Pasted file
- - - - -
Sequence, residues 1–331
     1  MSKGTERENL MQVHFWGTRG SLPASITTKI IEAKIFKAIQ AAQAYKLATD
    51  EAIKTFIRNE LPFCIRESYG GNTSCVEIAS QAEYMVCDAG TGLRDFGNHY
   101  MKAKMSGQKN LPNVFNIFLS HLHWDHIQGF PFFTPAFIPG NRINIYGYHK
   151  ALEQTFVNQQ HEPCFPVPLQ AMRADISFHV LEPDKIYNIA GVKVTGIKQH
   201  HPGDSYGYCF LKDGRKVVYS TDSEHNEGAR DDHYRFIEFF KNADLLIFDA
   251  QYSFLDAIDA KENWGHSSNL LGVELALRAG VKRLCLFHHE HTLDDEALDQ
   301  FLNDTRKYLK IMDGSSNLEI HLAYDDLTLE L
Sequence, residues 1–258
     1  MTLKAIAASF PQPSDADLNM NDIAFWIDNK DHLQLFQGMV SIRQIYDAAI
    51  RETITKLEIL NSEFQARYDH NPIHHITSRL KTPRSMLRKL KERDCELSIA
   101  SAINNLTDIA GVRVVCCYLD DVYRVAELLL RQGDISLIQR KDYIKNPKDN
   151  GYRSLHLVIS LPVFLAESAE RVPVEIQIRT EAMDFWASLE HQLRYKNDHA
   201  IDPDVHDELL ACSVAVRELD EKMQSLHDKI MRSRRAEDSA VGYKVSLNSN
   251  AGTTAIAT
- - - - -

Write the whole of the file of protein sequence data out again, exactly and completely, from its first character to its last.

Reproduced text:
Sequence, residues 1–331
     1  MSKGTERENL MQVHFWGTRG SLPASITTKI IEAKIFKAIQ AAQAYKLATD
    51  EAIKTFIRNE LPFCIRESYG GNTSCVEIAS QAEYMVCDAG TGLRDFGNHY
   101  MKAKMSGQKN LPNVFNIFLS HLHWDHIQGF PFFTPAFIPG NRINIYGYHK
   151  ALEQTFVNQQ HEPCFPVPLQ AMRADISFHV LEPDKIYNIA GVKVTGIKQH
   201  HPGDSYGYCF LKDGRKVVYS TDSEHNEGAR DDHYRFIEFF KNADLLIFDA
   251  QYSFLDAIDA KENWGHSSNL LGVELALRAG VKRLCLFHHE HTLDDEALDQ
   301  FLNDTRKYLK IMDGSSNLEI HLAYDDLTLE L
Sequence, residues 1–258
     1  MTLKAIAASF PQPSDADLNM NDIAFWIDNK DHLQLFQGMV SIRQIYDAAI
    51  RETITKLEIL NSEFQARYDH NPIHHITSRL KTPRSMLRKL KERDCELSIA
   101  SAINNLTDIA GVRVVCCYLD DVYRVAELLL RQGDISLIQR KDYIKNPKDN
   151  GYRSLHLVIS LPVFLAESAE RVPVEIQIRT EAMDFWASLE HQLRYKNDHA
   201  IDPDVHDELL ACSVAVRELD EKMQSLHDKI MRSRRAEDSA VGYKVSLNSN
   251  AGTTAIAT